With the unfolding challenges and irritants in her relations with South Africa, Lesotho had nowhere to turn, but to the UN. The matter finally rested on the desk of the Nigerian Chairman of the UN Special Committee Against Apartheid, General Joe Garba. Lesotho’s small diplomatic mission at the UN was tenacious. Her UN representative and Chargés d’affaires ad interim Mr Thabo B. Moeketsi was fervently pertinacious. They lobbied every delegation to assist, stressing that the Highlands Water Project was Lesotho’s national lifeline, but never for once pretending or discounting its prospective benefits to an apartheid-free South Africa.

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Ultimately, the task of giving the World Bank the waiver to fund the project fell on the Nigerians. It was a tough call. Undoubtedly, such a waiver would be unfair to countries and nations facing sanctions for breaking or violating extant UN embargoes on South Africa. Lesotho representatives remained strident, practical and persuasive. They never denied that South Africa stood to benefit; instead, they argued that both Lesotho and apartheid-free South Africa and indeed the entire SADC sub-region would be beneficiaries in the long term. All they wanted the UN to do was to send a high-level delegation to eye-ball the project and then offer a balanced merit-based assessment. That argument gained traction after King Mosheshe II of Lesotho personally asked his longtime friend, Joe Garba to support such a visit and indeed, if possible, to lead it personally.

 

 

 

And here is the backgrounder, an excerpt as recorded in the book, Joe Garba’s Legacy (Xlibris: 2012) “The global anti-apartheid forces had also rallied and blocked the development of the Lesotho Highlands Water Project on account that it would benefit apartheid South Africa. Again, it was Joe Garba who stepped in to physically assess the project, evaluate its import for the landlocked Lesotho economy, and eventually secure for the small landlocked nation, the much-needed reprieve it sought. In undertaking that task, Joe Garba was of the opinion that the project must be viewed in the long-term and its value to a South Africa free of apartheid should be taken into account. The political survival of Lesotho was also another influencing factor.”

 

So, Nigeria’s Joe Garba went off to Southern Africa to consult and also to visit Lesotho. Throughout the one-week tour, he met King Mosheshe II, military leaders of Lesotho, Ministers of the Frontlines States, and Gen. Bantu Holomisa of the Transkei Homeland. Upon return to New York, he met and briefed ambassadors of the Frontline States to get their collective buy-in. These were Amb. Stanley Mudenge of Zimbabwe, Gen. Peter Dingiswayo Zuze of Zambia, Amb. Legwaila Joseph Legwaila of Botswana and Amb. Anthony Balthazar Nyaki of Tanzania. He also met the Swaziland Permanent Representative. Joe Garba then consulted the representatives of the ANC, Mr Dumisana Shadrack Kumalo, the leaders of the Liberation Movements, Dr. Theo-Ben Gurirab of SWAPO, and Mr Gora Ebrahim of the Pan Africanist Congress (PAC).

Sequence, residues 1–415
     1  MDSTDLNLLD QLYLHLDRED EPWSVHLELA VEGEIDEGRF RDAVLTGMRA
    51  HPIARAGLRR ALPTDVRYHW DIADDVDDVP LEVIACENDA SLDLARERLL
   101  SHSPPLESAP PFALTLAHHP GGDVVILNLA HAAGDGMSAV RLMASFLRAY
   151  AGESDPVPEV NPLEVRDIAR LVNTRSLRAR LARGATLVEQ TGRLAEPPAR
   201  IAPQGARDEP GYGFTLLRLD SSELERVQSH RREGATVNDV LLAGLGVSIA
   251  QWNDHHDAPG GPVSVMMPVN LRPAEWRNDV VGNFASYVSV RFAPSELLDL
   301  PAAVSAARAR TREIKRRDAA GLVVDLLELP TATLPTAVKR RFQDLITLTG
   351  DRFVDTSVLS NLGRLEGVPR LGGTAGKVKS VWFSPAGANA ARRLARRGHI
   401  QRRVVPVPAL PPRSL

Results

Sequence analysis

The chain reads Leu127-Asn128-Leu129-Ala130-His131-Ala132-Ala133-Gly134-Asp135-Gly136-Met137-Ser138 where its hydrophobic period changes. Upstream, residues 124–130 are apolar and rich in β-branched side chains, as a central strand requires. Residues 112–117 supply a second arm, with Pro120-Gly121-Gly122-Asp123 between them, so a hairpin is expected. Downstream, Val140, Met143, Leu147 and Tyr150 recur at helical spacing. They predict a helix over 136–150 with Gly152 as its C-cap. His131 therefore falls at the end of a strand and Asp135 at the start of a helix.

Further consultations were undertaken between Nigeria’s Joe Garba and Amb. Victor Gbeho of Ghana and Amb. Hennadiy Udovenko of Ukraine, his two Deputy Chairs on the Special Committee Against Apartheid. He also briefed UN Secretary-General as well as representatives of the World Bank, European Union and UNDP. Finally, he apprised the Nigerian Foreign Ministry, that Nigeria would inevitably take the lead in asking for a waiver that would allow the World Bank and EU to literally break some existing sanctions regime, to enable Lesotho to build the Highland Waters project, of which, without doubt, South Africa will be the greatest and long-term beneficiary, in terms of water and electricity supply.

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With the consultations done and sealed, the UN via its Special Committee Against Apartheid facilitated the exclusion clause blueprint that allowed the World Bank and the EU to fund the Lesotho Highlands Water Project, which Lesotho and South Africa had commenced discussing in the mid-1980s. The building of the Katse Dam commenced first and it was completed in 1997. Other strands of the project, the Mohale Dam, followed and the Muela Hydroelectric Power Station came on stream with huge electricity supply for Lesotho and South Africa in 1999. By this time, Namibia had become independent and South Africa followed in 1994, with the end of apartheid, the release of Nelson Mandela from prison and subsequently, his election as the President of South Africa.

 

 

The rest is history. But it must be placed on record that Nigeria (the Generator Country) was instrumental to the electricity self-sufficiency that South Africa enjoys today. Nigeria had drawn on her own national experience of benefitting from a World Bank loan of $72 million to build the Kainji Dam in the 1960s. She had also entered into bilateral agreements with upstream countries like Niger in order to make the Kainji project feasible and viable. She would not deny South Africa and Lesotho similar privileges. And that’s what leadership and diplomacy in the global realm is all about.

 

Here is the upshot. The next time young impressionable South Africans rally to chase Nigerians away from their country yelling, “Go back to Your Generator Country,” South African elders should do well to tell them to go and read history. There are also two parallel historical lessons for them; Uganda and Zimbabwe respectively chased the Asians and Boers away after independence out of national pride and paid a huge price for it. Angola, Mozambique, and Namibia did not make the same mistake and are prospering. As the African proverb says: “You don’t bite the fingers that feed you.” Perhaps, it’s the fingers that fed you. Either way, it is lessons learned.

 

 

 

Obaze is MD/CEO, Selonnes Consult – a policy, governance and management consulting firm in Awka.